Sea
levels can be affected by many factors and are known to have varied greatly over geological time scales
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Banking Engine
A bank engine (United Kingdom/Australia) (colloquially a banker) or helper engine or pusher engine (North America) is a railway locomotive that temporarily assists a train that requires additional power or traction to climb a gradient (or bank)
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Broadstone, Dorset
Broadstone /ˈbrɔːdstən/ is a town and suburb of Poole
Poole
in Dorset, England. It is located 3 miles (4.8 km) from Hamworthy railway station and 7 miles (11 km) from Bournemouth International Airport. The town has a population of 10,256 according to the 2001 Census, increasing to 10,303 at the 2011 Census. Since 1840, it has grown from a small farm to a suburb of 10,000 people. Centred on the main road (the B3074), 'The Broadway' is busy hub of shops, churches, schools and housing. The shops consist of Costa Coffee, Bennett's Bakery, Thorntons card shop and also has a jewellery shop
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Beeching Axe
The Beeching cuts
Beeching cuts
(also Beeching Axe) were a reduction of route network and restructuring of the railways in Great Britain, according to a plan outlined in two reports, The Reshaping of British Railways (1963) and The Development of the Major Railway Trunk Routes (1965), written by Dr Richard Beeching
Richard Beeching
and published by the British Railways Board. The first report identified 2,363 stations and 5,000 miles (8,000 km) of railway line for closure, 55% of stations and 30% of route miles, with an objective of stemming the large losses being incurred during a period of increasing competition from road transport and reducing the rail subsidies necessary to keep the network running; the second identified a small number of major routes for significant investment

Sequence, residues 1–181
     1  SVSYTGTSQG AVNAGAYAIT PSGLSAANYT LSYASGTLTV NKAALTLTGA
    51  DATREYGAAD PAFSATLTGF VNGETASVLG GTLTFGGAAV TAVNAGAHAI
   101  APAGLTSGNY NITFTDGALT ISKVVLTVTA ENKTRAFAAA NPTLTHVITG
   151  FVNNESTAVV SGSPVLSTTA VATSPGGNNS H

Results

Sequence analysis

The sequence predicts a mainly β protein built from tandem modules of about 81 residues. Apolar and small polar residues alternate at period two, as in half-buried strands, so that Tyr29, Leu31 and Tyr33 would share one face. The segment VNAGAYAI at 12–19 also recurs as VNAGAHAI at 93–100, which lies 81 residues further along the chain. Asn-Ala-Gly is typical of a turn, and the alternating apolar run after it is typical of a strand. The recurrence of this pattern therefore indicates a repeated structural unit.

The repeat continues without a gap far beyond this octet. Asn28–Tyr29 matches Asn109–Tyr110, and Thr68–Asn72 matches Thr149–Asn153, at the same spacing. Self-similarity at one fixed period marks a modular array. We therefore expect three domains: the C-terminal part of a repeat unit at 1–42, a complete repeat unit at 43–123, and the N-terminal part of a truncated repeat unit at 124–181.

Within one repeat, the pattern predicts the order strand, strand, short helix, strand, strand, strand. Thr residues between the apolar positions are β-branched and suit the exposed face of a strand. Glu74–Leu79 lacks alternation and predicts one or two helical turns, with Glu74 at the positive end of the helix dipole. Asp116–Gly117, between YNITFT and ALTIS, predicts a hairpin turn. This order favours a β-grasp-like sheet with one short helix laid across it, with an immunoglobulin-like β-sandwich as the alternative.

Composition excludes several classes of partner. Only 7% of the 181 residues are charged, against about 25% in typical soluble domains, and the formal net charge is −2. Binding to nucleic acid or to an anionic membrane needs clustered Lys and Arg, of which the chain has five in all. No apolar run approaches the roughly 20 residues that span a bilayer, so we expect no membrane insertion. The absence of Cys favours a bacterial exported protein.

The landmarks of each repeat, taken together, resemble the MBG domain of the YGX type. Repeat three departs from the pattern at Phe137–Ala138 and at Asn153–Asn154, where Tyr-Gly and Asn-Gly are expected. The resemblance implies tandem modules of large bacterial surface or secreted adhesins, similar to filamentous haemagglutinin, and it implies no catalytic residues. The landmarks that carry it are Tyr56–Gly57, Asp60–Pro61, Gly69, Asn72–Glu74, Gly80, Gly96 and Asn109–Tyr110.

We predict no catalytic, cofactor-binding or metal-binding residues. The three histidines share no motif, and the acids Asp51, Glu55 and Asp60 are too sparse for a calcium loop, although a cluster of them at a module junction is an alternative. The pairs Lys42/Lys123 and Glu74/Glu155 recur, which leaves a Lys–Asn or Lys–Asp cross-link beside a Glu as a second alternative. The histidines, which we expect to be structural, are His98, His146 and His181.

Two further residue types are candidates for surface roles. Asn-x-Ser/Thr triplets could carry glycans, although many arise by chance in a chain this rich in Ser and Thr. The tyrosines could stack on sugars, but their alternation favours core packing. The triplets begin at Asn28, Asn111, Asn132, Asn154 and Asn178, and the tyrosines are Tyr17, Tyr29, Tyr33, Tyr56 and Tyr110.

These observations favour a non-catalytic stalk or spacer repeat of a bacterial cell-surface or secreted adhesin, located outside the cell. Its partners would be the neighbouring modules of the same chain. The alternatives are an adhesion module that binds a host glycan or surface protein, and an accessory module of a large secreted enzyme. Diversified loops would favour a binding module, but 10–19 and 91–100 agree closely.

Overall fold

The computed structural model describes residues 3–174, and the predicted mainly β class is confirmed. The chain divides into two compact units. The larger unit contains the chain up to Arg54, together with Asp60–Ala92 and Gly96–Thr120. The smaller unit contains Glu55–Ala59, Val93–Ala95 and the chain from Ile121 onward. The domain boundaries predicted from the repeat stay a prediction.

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Manchester
Coordinates: 53°28′46″N 2°14′43″W / 53.47944°N 2.24528°W / 53.47944; -2.24528Manchester City
City
and Metropolitan boroughClockwise from top: Skyline of Manchester
Manchester

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BR Standard Class 5
The British Railways
British Railways
Standard Class 5MT 4-6-0
4-6-0
was one of the 12 standard classes of steam locomotive built by British Railways
British Railways
in the 1950s. It was essentially a development of the LMS Stanier Class 5 4-6-0
4-6-0
("Black Five"). 172 were built between 1951 and 1957.Contents1 Background 2 Design and construction 3 In service 4 Accidents and incidents 5 Preservation 6 Notes 7 References 8 External linksBackground[edit] William Stanier's Black Five had been the most successful mixed-traffic type in Great Britain. Construction of the Black Fives had started in 1934 and continued past nationalisation to 1951
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BR Standard Class 9F
The British Railways
British Railways
BR Standard Class 9F
BR Standard Class 9F
2-10-0
2-10-0
is a class of steam locomotive designed for British Railways
British Railways
by Robert Riddles. The Class 9F was the last in a series of standardised locomotive classes designed for British Railways
British Railways
during the 1950s, and was intended for use on fast, heavy freight trains over long distances. It was one of the most powerful steam locomotive types ever constructed in Britain, and successfully performed its intended duties
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LMS Jubilee Class
The London Midland and Scottish Railway (LMS) Jubilee Class is a class of steam locomotive designed for main line passenger work. 191 locomotives were built between 1934 and 1936. They were built concurrently with the LMS Stanier Class 5 4-6-0.Contents1 History1.1 Construction 1.2 Withdrawal2 Accidents and incidents 3 Details 4 Preservation 5 Gallery 6 Preservation photos 7 Notes 8 References 9 External linksHistory[edit] The last five locomotives of Henry Fowler's Patriot class on order, 5552 to 5557, were built with William Stanier’s taper boiler and so became the first of the Jubilee class. 113 locomotives were ordered straight from the drawing board. They were initially a disappointment; their moderate degree of superheating often left them short of steam. Changes to the blastpipe and chimney dimensions helped to transform them. On 29 April 1935 no. 5552, the first of the class, permanently swapped identities with no